“Hippie Gone Rogue” the latest album to be released by Portage’s iconic “scrub blues” singer-songwriter “Fireball Paul” Shepherd will be celebrated tonight (Feb. 22) as part of Whoop & Hollar Folk Festival’s Open Mic & Jam Night.
Shepherd will perform songs from the new release as well as those local fans have come to love as part of his release plans for the new CD.
“Portage la Prairie is the perfect place for writing and performing songs, especially during the long, cold winters,” says Fireball Paul. “The Legion is a good venue to release the CD as I like to support community efforts and I think it’s a good thing to do. I enjoy the jams and it seems like it’s a music spot and so that would be the spot to do it,” Shepherd explained.
On “Hippie Gone Rogue,” Fireball Paul shares his stories of overcoming personal struggles, his perspective on current events and hits a raw nerve with “Girl Gone Missing”. “Girl Gone Missing” is a song about how we don’t always put things into perspective,” Shepherd said. “What we think is important at the moment, isn’t all that important when you look at it in the big picture.” It is a song a song reminding all who listen that Amber McFarland, who was 24 when she disappeared in October 2008 and Jennifer Catcheway missing since June 19, 2008, the day of her 18th birthday, is really something more to think about then some of the daily grind we can find to complain about.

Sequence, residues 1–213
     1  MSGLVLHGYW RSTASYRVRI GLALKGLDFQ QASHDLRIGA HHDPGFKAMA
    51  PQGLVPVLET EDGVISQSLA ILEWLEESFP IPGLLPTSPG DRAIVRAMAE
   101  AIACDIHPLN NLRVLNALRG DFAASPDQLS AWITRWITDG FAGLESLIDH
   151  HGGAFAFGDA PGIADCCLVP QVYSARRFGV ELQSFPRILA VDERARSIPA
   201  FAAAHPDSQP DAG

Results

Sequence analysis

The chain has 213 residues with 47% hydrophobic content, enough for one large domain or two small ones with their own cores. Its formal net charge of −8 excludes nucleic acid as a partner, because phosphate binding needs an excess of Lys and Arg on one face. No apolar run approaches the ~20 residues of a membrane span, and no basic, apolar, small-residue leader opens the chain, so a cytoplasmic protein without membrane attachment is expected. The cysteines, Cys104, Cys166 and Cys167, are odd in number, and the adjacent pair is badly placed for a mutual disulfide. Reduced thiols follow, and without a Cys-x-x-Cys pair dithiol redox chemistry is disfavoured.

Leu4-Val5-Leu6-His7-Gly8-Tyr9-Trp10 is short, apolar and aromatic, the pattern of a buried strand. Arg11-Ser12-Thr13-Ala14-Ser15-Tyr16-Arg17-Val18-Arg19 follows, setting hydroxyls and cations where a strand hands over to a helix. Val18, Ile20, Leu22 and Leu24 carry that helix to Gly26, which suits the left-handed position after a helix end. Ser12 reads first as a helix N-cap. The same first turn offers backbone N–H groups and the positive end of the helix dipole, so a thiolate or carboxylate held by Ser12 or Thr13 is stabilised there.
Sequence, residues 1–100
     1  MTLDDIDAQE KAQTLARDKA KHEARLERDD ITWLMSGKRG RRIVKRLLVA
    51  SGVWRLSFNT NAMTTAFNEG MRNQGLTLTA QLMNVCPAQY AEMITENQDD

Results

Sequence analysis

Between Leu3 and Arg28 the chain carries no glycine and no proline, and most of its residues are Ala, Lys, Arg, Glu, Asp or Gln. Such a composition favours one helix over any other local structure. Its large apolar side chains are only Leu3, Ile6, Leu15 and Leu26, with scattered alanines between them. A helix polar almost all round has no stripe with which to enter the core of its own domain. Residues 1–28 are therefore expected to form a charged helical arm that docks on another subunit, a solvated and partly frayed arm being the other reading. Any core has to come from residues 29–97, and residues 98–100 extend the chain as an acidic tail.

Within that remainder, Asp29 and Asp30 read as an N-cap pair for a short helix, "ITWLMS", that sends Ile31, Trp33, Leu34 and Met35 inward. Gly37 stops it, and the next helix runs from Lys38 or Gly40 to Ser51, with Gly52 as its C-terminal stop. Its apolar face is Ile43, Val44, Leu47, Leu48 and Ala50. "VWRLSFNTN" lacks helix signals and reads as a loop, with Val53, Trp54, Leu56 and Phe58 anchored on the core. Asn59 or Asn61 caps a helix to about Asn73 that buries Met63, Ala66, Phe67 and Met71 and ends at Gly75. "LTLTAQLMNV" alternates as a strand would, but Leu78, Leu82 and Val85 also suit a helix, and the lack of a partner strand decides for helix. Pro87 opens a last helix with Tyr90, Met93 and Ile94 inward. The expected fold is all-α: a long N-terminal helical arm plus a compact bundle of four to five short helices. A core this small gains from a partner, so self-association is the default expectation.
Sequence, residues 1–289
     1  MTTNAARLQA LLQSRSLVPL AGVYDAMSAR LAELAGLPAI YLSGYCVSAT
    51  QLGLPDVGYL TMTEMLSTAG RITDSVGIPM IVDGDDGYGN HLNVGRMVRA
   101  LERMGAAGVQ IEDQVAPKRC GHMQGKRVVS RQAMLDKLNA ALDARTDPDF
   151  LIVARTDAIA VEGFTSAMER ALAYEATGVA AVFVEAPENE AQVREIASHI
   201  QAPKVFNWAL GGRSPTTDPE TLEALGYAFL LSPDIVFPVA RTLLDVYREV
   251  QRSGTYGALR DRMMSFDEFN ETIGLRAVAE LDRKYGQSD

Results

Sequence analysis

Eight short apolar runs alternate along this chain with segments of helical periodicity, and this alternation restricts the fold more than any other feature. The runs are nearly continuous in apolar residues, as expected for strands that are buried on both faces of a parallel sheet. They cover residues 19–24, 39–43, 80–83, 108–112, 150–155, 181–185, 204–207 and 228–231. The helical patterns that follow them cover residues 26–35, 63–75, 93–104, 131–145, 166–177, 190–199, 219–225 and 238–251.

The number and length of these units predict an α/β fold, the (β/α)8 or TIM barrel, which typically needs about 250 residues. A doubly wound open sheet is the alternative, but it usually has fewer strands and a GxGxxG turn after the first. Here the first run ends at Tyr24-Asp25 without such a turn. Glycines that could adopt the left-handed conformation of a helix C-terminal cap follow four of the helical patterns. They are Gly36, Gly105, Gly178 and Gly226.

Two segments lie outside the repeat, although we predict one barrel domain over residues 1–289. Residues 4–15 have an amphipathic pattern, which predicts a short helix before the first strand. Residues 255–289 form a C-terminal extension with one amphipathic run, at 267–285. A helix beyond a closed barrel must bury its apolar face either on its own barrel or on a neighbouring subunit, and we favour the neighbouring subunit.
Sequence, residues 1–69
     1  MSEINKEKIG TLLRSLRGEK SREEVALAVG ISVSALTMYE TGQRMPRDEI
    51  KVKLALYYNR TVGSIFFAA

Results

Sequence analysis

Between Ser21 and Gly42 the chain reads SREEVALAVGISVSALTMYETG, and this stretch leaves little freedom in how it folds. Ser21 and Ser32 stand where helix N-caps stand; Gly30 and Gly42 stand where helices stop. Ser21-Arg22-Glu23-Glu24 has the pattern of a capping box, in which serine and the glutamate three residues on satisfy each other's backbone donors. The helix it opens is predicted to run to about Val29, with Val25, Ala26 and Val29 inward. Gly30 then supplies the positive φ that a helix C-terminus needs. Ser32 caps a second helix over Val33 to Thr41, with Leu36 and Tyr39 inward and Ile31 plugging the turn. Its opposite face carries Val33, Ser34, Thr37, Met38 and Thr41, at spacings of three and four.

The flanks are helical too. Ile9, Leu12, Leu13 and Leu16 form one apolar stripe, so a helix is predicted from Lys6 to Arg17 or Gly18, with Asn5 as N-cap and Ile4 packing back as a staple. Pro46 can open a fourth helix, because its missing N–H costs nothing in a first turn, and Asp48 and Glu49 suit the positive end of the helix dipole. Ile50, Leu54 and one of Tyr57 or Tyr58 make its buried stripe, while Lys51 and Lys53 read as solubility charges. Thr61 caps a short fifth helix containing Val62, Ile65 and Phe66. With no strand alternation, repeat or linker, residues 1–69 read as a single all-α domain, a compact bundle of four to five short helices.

“It’s interesting that I hear from some that it is a negative song, that it doesn’t put Portage in the best light…that’s not what it is about. But if I can get people thinking about important things, things that matter, then this won’t be a song with a message gone missing.
“My songs are nothing more than a steam pot with a check valve. When I watch the news and see what’s going on, I get frustrated and this is how the frustration comes out. Most of the songs are written at 3 a.m. It’s both a curse and a blessing.”
Manon Timshel, an emerging folk singer-songwriter based in Portage, will be hosting the evening of live entertainment and jamming.
“Anyone can sign up to perform music, comedy, poetry, and the like during the open mic and participate in the jam session afterwards,”, Whoop & Hollar Folk Festival Artistic Director Josh Wright said.
“The new talent and live entertainment at the Open Mic & Jam Night means more to me than what’s on TV or the radio. When it’s live, it’s real,” Shepherd said. “And every once in a while, you hit a bad chord, and folks are forgiving and they love to watch people play music. Everyone has a good time and talks about it later.”
The combined event takes place at Royal Canadian Legion Branch #65, with doors opening at 6:30 p.m. ahead of the 7 p.m. showtime. Admission is by donation.